Sometimes we forget just how handy those gas pumps are outside our local convenience store.
Even if we’re using crumpled-up dollars from the bottom of a pocketbook or sharing gas money with passengers, unleaded gasoline is readily available.
Diesel fuel isn’t quite as commonplace, but it’s getting there. Drivers of diesel-powered vehicles still have to pay extra for each gallon but they no longer have to search all over for fuel or know the location of every truck stop in the region.
As the automotive landscape changes, it’s now the all-electric and plug-in hybrid drivers who have to search for charging stations and plan their trips around places to recharge their vehicles as the infrastructure continues to develop.
Next up will be fuel cells. These vehicles create their own electricity from hydrogen via a chemical process inside the fuel cell. That electricity in turn powers the electric motors in the same way batteries power the electric motors in hybrids.
Ten years ago, I had a chance to drive the Honda FCX—a legitimate full-sized sedan powered by a fuel cell. The driving experience was indistinguishable from driving today’s state-of-the-art hybrids.
The problem is those Hondas are hand-built at a cost of approximately $1 million apiece and there are only 85 of them in service.
Proponents long have considered fuel cells a panacea for many of our transportation-related issues: foreign oil dependency, greenhouse gases, driving range, and quick refueling times. The hydrogen is renewable and the vehicles’ only emission is water vapor.
Even though Honda has been leasing those hand-built FCXs (now the FCX Clarity) for the last decade, the refueling infrastructure is almost nonexistent for the average driver. There are fewer than 100 hydrogen fueling stations in the United States and only about 20 of them are open to the public.
Is it pie in the sky to think fuel cells will be big?
It doesn’t seem that way. Honda and General Motors this month announced a long-term plan to co-develop the next generation fuel cell system and hydrogen storage technology. The collaboration is aimed to be ready around 2020 and the companies will share expertise, economies of scale, and common sourcing.
In addition, the two companies plan to work to help advance the refueling infrastructure, which will be vital for both early adopters of the technology and later general consumer acceptance.
In that endeavor, they’ll be joining another consortium. In May, Hyundai, Mercedes-Benz, Nissan, and Toyota joined with the US Department of Energy in a public-private partnership to prepare for the first major expected wave of hydrogen-powered vehicles.
Toyota has plans to sell its first fuel-cell vehicles in 2015, and Hyundai is building a fuel-cell version of its Tucson crossover with plans to sell 1,000 by 2015, when a next generation will launch that it hopes will sell 10,000.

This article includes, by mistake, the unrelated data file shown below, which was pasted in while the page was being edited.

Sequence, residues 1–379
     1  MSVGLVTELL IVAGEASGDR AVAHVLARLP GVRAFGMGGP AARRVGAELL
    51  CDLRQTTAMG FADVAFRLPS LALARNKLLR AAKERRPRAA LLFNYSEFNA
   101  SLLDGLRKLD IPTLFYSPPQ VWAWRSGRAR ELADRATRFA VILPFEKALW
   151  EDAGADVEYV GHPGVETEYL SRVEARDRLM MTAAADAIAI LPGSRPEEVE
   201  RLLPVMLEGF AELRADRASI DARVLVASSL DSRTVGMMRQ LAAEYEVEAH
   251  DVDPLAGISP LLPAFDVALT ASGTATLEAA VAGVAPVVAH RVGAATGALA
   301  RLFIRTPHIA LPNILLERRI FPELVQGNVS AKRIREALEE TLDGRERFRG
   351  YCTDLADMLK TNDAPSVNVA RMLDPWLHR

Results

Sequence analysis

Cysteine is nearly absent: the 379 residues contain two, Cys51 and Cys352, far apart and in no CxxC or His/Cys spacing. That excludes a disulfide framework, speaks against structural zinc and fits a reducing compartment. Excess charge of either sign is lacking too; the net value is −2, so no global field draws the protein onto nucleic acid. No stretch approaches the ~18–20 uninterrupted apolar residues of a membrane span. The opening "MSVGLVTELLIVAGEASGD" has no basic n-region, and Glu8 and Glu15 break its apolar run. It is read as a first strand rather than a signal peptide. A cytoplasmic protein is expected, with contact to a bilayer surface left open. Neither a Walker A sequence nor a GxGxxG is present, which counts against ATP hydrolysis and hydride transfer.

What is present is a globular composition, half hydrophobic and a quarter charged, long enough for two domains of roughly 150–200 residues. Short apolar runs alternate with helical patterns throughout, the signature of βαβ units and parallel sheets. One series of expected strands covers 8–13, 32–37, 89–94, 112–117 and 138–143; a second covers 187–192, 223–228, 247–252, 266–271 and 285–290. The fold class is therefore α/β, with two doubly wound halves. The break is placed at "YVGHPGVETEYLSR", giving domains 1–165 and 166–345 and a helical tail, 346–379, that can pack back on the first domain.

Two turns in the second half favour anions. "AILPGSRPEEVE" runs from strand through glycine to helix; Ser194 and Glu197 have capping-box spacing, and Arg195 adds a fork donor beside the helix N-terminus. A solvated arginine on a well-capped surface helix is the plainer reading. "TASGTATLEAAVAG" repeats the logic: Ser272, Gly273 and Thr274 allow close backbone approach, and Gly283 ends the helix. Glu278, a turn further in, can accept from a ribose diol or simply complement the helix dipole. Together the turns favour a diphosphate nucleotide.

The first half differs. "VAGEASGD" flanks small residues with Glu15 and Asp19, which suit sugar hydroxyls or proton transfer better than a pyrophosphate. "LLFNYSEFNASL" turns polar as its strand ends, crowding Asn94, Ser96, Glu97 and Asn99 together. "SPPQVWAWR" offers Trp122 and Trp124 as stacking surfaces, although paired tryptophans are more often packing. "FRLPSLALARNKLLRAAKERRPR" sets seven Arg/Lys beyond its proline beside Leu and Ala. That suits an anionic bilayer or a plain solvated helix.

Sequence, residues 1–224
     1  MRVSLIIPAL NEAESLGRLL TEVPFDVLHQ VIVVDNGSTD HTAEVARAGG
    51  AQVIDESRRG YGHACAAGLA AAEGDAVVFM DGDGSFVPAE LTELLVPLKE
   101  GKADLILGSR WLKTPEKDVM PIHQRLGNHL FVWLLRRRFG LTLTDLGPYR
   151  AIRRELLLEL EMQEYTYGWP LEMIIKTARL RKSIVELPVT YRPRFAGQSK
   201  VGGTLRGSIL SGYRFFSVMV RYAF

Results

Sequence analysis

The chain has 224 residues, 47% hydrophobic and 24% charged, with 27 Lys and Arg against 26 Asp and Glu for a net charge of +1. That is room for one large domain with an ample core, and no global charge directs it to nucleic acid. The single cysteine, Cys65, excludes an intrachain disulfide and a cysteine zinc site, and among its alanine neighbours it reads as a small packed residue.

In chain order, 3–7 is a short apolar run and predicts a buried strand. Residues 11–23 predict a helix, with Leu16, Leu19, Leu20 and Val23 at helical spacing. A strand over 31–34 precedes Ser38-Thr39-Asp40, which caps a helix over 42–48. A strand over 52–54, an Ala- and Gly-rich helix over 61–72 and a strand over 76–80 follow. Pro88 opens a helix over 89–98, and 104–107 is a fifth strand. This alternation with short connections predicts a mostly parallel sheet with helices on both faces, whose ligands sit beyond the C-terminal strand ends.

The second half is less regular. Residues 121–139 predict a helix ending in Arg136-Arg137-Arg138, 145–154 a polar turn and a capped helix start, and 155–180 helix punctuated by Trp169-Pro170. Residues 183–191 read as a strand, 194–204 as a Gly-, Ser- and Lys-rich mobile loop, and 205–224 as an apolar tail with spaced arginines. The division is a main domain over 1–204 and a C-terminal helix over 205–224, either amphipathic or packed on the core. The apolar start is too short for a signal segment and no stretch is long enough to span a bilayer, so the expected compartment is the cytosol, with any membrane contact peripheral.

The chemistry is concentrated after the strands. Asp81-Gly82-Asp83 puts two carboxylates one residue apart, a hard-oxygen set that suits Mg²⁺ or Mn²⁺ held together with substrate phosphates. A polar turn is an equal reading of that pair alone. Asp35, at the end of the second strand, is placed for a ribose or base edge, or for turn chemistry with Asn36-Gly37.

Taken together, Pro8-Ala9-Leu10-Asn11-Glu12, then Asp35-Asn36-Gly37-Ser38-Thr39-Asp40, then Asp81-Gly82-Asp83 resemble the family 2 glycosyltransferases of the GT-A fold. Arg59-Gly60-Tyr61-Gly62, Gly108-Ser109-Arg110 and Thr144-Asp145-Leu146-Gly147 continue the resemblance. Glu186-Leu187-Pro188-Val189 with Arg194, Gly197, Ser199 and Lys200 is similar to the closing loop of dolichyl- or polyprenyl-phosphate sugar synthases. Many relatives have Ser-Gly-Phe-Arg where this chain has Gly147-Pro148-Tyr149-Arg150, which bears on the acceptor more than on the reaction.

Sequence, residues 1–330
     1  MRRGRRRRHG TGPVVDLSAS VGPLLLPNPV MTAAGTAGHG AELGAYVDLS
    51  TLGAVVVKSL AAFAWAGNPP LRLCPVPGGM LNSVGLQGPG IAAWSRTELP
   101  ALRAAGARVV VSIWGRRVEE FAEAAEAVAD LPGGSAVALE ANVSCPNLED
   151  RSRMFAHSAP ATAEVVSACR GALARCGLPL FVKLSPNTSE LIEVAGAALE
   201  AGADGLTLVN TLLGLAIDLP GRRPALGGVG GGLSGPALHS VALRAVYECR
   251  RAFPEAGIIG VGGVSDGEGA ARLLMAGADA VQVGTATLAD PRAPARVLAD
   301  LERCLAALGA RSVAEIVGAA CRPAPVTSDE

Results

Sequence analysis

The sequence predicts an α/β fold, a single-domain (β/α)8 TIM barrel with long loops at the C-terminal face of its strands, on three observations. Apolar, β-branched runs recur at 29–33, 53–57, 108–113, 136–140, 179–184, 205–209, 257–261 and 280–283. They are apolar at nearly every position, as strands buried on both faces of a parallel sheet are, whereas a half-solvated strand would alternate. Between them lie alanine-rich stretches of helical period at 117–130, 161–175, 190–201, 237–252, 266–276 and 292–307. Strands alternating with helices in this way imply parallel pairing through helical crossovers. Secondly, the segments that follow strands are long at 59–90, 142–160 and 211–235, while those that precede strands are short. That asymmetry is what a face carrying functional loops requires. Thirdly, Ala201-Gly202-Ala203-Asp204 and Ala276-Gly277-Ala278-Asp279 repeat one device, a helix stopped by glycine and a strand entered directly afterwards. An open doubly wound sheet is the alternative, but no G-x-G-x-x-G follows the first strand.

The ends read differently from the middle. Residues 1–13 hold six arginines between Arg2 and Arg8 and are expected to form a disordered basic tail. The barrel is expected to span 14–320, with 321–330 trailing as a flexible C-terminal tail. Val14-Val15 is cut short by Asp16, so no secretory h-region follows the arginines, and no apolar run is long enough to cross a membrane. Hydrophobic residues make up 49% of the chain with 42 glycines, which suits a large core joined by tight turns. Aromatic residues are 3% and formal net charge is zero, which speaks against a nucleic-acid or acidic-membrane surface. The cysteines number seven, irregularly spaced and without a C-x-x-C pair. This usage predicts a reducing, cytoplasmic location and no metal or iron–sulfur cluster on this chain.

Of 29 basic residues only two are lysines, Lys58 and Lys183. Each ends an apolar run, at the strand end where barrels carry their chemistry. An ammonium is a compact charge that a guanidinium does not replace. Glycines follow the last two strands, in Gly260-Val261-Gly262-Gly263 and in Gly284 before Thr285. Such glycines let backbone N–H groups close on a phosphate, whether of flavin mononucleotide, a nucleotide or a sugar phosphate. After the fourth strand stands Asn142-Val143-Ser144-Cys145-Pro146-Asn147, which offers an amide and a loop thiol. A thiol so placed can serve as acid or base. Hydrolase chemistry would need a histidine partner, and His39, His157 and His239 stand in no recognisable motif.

This partnership is named H2USA after the chemical symbol for hydrogen.
We should know by now that the domestic brands, Chrysler, Ford, and General Motors, all use many imported parts in their vehicles.
Adding to the international flavor of motor vehicles, most foreign brands build at least part of their model lineup in the United States.
With that in mind, it’s hard to take seriously TrueCar’s recent ranking of the “most patriotic” states when it comes to car-buying. TrueCar is a California company that compiles and analyzes car-buying data.
On the other hand, it’s almost impossible to resist peeking at the rankings both to see which state purchased the most domestic brands, which bought the most imports, and where Massachusetts ranks.
Michigan led in domestic purchases with 79.2 percent of the new cars sold being built by the Big Three. North Dakota (68.1 percent), South Dakota (65.6), Iowa (63.2), and Wyoming (62.6) rounded out the top five.
The states least likely to buy new domestic vehicles are Hawaii (19.4 percent) followed by the District of Columbia (22.6), California (22.9), Connecticut, and Massachusetts (25.8).
10M Camrys Can’t be Wrong
Toyota’s Camry, the top-selling car in the United States for the past 11 years, hit a big milestone this month as the company continues celebrating its 30-year anniversary of doing business here.
The milestone: the 10 millionth Camry sold in the United States.
Camry was introduced to the US market in 1983 and sold 52,651 vehicles in its first full year. Thirty years later, 773 of those originals still are on the road.
Overall, there are approximately 6.4 million Camrys registered, representing seven generations of design.
As a follow-up to the previous item, the National Highway Traffic Safety Administration (NHTSA) calls Camry the “most American made car” with 75 percent of its contents coming from domestic sources.
Today is Micro Car Day at the Larz Anderson Auto Museum in Brookline. It’s a great day for photographs. Next Sunday, American cars and trucks take over the lawns … However, the July 20 big event is a testament to social media. Spikes Ride For Boston! is taking over Brockton Fairgrounds for a day of cars and music to benefit Boston Marathon bombing survivors. Check it out on Facebook. Where many car clubs are organized by the older generations, this is America’s youth at work for a charitable endeavor.